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Janos Starker, 88; one of most celebrated cellists

NEW YORK — Janos Starker, one of the 20th century’s most renowned cellists, whose restrained onstage elegance was amply matched by the cyclone of Scotch, cigarettes, and opinion that animated his offstage life, died Sunday at his home in Bloomington, Ind. He was 88.

Indiana University, where he was a distinguished professor of music, announced his death.

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A Hungarian-born child prodigy who survived internment by the Nazis during World War II, Mr. Starker appeared, in the decades after the war, on the world’s most prestigious recital stages and as a soloist with the world’s leading orchestras. He was part of a vaunted triumvirate with Gregor Piatigorsky (1903-76) and Mstislav Rostropovich (1927-2007), collectively the most celebrated cellists of the day.

He was also widely known through his more than 150 recordings, including one of Bach’s six suites for solo cello for which he won a Grammy Award in 1998.

Mr. Starker played several magnificent cellos during his career — including the ‘‘Lord Aylesford’’ Stradivarius of 1696, a 1707 Guarnerius and a 1705 instrument by the great Venetian maker Matteo Goffriller — but nonetheless managed to resist the seductions of the instrument to which cellists can fall prey.

The chief hallmark of his playing was a conspicuous lack of schmaltz. Effusive sentiment is an inherent risk of the cello, with its thundering sonorities and timbre so like the human voice. He also shunned the dramatic head tossing and body swaying to which many cellists incline.

‘‘I'm not an actor,’’ Mr. Starker said in a 1996 interview with the Internet Cello Society, an online fraternity of cellists and devotees. He added, with characteristic candor, ‘‘I don’t want to be one of those musicians who appears to be making love to himself onstage.’’

Unlike many acclaimed string players, Mr. Starker used a lean, judicious vibrato — the minute, rapid variations in pitch by the left hand that can enrich a note’s sound but can also border on the histrionic. Excessive vibrato, he liked to say, was like ‘‘a woman smearing her whole face with lipstick.’’

While the musical style that resulted was too dispassionate for some critics’ taste, others praised Mr. Starker’s faultless technique; purity of tone; clean, polished phrasing; and acute concern with the composer’s intent. His style was especially well suited to the Bach suites, canonical texts for the instrument, which he recorded on several occasions.

Although Mr. Starker eschewed romantic mannerisms, he did not stint Romantic works: He gave many well-received performances of the Dvorak concerto, the lush, haunting B minor staple of every concert cellist’s arsenal.

Nor did he neglect 20th-century music: He was considered one of the foremost interpreters of his countryman Zoltan Kodaly’s sonata for solo cello, composed in 1915 and so technically demanding that it is sometimes described as having been written by a fiend.

In these works, too, his restrained approach differed greatly from the ripe romanticism of Rostropovich and Piatigorsky.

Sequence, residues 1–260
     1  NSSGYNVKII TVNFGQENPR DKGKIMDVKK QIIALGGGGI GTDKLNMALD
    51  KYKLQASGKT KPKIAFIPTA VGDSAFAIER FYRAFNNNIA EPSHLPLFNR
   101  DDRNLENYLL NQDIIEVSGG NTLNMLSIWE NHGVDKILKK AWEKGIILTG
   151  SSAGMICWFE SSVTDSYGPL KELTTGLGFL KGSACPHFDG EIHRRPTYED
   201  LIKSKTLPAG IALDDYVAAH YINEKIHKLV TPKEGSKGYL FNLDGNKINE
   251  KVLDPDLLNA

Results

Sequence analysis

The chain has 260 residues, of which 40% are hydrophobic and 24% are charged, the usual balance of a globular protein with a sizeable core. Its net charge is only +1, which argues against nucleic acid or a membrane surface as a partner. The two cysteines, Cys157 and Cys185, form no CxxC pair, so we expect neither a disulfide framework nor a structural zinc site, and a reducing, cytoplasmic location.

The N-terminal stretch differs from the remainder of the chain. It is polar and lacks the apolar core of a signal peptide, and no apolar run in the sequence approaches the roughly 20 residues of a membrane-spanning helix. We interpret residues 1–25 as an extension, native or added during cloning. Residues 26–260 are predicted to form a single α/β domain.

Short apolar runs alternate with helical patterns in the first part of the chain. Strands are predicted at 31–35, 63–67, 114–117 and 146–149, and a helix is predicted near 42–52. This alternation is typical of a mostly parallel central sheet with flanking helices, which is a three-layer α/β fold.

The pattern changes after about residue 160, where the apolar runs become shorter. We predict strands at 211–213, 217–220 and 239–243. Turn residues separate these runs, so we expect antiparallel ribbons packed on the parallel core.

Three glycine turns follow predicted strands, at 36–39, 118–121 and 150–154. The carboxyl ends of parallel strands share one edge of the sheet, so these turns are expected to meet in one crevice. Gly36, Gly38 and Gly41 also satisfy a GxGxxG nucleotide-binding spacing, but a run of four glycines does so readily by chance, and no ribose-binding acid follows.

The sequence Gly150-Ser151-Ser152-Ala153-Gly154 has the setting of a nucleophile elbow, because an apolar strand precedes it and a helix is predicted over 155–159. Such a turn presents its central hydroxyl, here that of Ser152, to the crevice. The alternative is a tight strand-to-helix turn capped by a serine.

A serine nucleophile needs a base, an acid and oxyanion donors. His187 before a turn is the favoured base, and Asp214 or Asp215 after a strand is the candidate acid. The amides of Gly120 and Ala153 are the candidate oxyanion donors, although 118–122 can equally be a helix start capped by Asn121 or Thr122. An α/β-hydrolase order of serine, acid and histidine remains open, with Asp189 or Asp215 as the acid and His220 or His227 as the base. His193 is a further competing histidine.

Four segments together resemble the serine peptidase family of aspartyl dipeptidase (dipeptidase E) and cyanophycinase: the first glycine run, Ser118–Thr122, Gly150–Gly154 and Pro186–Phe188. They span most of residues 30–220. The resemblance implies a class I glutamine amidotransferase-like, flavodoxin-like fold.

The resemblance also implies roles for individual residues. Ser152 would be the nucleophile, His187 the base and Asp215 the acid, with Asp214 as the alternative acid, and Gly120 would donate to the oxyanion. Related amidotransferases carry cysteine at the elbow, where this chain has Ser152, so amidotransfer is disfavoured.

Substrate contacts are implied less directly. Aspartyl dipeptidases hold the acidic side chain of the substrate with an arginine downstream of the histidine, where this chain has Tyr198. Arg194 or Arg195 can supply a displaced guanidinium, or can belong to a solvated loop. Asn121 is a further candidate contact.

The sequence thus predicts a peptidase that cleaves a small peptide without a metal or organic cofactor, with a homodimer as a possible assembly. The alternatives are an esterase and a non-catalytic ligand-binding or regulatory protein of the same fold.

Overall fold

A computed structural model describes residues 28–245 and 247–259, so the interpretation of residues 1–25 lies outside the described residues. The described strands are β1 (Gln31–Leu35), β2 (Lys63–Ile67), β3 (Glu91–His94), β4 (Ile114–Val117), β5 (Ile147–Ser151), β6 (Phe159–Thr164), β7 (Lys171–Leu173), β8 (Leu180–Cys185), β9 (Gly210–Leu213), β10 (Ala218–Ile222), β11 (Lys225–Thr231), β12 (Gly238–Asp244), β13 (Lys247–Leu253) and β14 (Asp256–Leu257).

''What I'd like to see is a little more humility and dignity displayed toward our art, and less self-aggrandizement,’’ Mr. Starker said of Rostropovich in a 1980 interview with People magazine. ‘‘Slava is more popular, but I'm the greater cellist.’’

Opinion was but one area in which Mr. Starker allowed himself joyful immoderation; cigarettes and alcohol were others. He adored Scotch and by his own account consumed it with abandon. For much of his life he smoked 60 cigarettes a day, although in old age he reduced the number to 25.

Unlike many world-renowned musicians, Mr. Starker made teaching a major facet. In 1958 he joined the faculty of what is now the Jacobs School of Music at Indiana University, where he taught until shortly before his death.

His presence turned Bloomington into a mecca for cellists; among his students were the prominent soloists Tsuyoshi Tsutsumi, Gary Hoffman, and Maria Kliegel.

''I personally cannot perform without teaching, and I cannot teach without performing,’’ Mr. Starker told The Chicago Tribune in 1993. ‘‘When you have to explain what you are doing, you discover what you are really doing.’’

Janos Starker was born in Budapest on July 5, 1924, the son of Sandor and Margit Starker; his father was a tailor. Before he turned 6, Janos was given a cello; by the time he was 8 he was giving lessons to younger children. He entered the Franz Liszt Academy of Music, making his recital debut at 11; at 14 he played the Dvorak concerto with a symphony orchestra on a few hours’ notice.

As a young man, Mr. Starker was the principal cellist of the Budapest Opera and the Budapest Philharmonic.

The Starkers were Jews. Near the end of World War II, Mr. Starker and his parents were dispatched to an internment camp on an island in the Danube outside Budapest. All three survived the war, though his two older brothers, Tibor and Ede, disappeared; Mr. Starker said that he believed they had been shot by the Nazis.

After the war, Mr. Starker worked as a sulfur miner before making his way to Paris. There, in 1947, he recorded the Kodaly sonata; that recording won the Grand Prix du Disque, France’s most prestigious award for recorded music.

In 1948, Mr. Starker was brought to the United States as principal cellist of the Dallas Symphony.

He served in the same role for the Metropolitan Opera Orchestra in New York and the Chicago Symphony.

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